Following the checklist is a useful though very brief glossary of rare plant listings including CNPS and other citations used in the checklist. An expanded list would have been useful, including state G designations and expanding upon Fish and Wildlife Service categories. A revision of Robertsí rare and endangered plant list (1990) would have been a welcome addition. Appendix I ("Excluded Taxa") cites 43 non-native and 24 native taxa which are not considered adequately documented reports. Appendix II ("Extinct and Extirpated Species or Species Not Seen Recorded Since 1937") includes 10 exotic and 53 native taxa, with collection citations following each. It is not clear why the exotic taxa if extirpated are retained in the checklist, though the natives clearly should be. Similarly, it would have been useful to have a separate table or appendix presenting the 36 new exotics reported in the second but not the first checklist, with a discussion, their area of origin and method of introduction (if known) cited. Appendix III ("Nomenclatural Cross Reference") includes 10 pages of Robertsí interpretations (around 289 entries), which are fascinating, original and are based upon Robertsí extensive experience with the Orange County flora. These clear taxonomic judgement calls deserve an expanded discussion. The two maps are useful, but would be more so if development as of 1920 was indicated as opposed to the present (which should include major park or preserved boundaries).
First reports (since Roberts, 1990) are not cited in the checklist, which would have been useful in a more completely annotated version - where the first report could be cited by footnote or author, and the bibliography is not comprehensive in that it does not include all of the references for various new county records since Robertsí first checklist (Bowler and Wolf 1993, for example). New records by Roberts should be indicated in the checklist, as well. Although the overall technical quality of the book is high, there are nonetheless occasional spelling, spacing, or consistency in italicizing or bolding errors.Most of the documentation, or collections, for the Orange County flora as treated here reside in 14 herbaria, including IRVC, which holds much of the material forming the basis of Robertsí first checklist. With the closure and dismantlement of the University of Californiaís Museum of Systematic Biology in 1991, IRVC is now a part of the UCI Arboretum and will remain permanently there as a resource within the School of Biological Sciences at the University of California, Irvine. IRVC may be visited and used by appointment (firstname.lastname@example.org) during weekday working hours and through special arrangement on weekends. Material may be borrowed through standard loan procedures. As Roberts notes, a majority of the recent collections for Orange County reside in the Rancho Santa Ana Botanic Garden collection (RSA).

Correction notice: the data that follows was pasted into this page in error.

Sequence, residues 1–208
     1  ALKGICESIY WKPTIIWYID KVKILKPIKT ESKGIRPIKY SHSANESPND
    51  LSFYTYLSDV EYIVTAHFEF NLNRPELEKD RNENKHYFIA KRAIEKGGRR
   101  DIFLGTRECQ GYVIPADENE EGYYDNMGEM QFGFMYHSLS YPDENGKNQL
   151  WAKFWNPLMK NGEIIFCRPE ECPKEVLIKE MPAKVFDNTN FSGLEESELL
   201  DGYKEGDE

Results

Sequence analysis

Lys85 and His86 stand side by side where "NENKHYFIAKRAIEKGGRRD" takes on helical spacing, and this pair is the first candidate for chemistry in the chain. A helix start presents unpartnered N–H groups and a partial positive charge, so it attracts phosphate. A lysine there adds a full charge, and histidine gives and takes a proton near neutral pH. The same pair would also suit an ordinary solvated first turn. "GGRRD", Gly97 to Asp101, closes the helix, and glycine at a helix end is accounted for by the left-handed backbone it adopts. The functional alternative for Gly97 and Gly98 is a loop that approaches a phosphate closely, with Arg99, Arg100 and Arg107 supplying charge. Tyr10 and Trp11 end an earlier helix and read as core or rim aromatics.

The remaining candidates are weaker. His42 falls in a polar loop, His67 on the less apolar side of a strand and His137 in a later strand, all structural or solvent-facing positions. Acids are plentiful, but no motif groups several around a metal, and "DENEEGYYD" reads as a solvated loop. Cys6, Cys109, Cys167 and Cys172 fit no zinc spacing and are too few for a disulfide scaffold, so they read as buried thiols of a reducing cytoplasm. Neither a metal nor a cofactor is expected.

None of these technical observations should undermine the great value of this truly masterful work Roberts has again produced. It is a staple which will be cited by southern California botanists until the third checklist appears in the future. Despite the wonderful price and excellent product Roberts has self-published, I hope that an expanded third checklist will appear in a peer-reviewed forum so that valid taxonomic changes can be made and what must in this gray literature work be viewed as opinions will hold the weight they deserve. This book is a significant and original interpretation of Orange Countyís flora by the botanist who knows it best - and it is a bargain which should be on all of our shelves.
I thank the UC Natural Reserve System¹s San Joaquin Marsh Reserve for computer support and a grant from TCA to the UCI School of Biological Sciences.
Bowler, P.A. and A. Wolf. 1993. Vascular plants of the San Joaquin Freshwater Marsh Reserve. Angiosperms - Flowering Plants. Crossosoma 19(1): 9-30.
Hickman, J.C. (Ed.). 1993. The Jepson Manual: Higher Plants of California. University of California Press, Berkeley, California.
Munz, P.A. 1935. A Manual of Southern California Botany. Claremont Colleges, Claremont, California.
Munz, P.A. 1973. A Flora of California and Supplement. University of California Press, Berkeley, California.
Munz, P.A. 1974. A Flora of Southern California. University of California Press. Berkeley, California.
Roberts, F.M., Jr. 1989. A Checklist of the Vascular Plants of Orange County, California. Museum of Systematic Biology, Spec. Publ. No. 6. University of California, Irvine.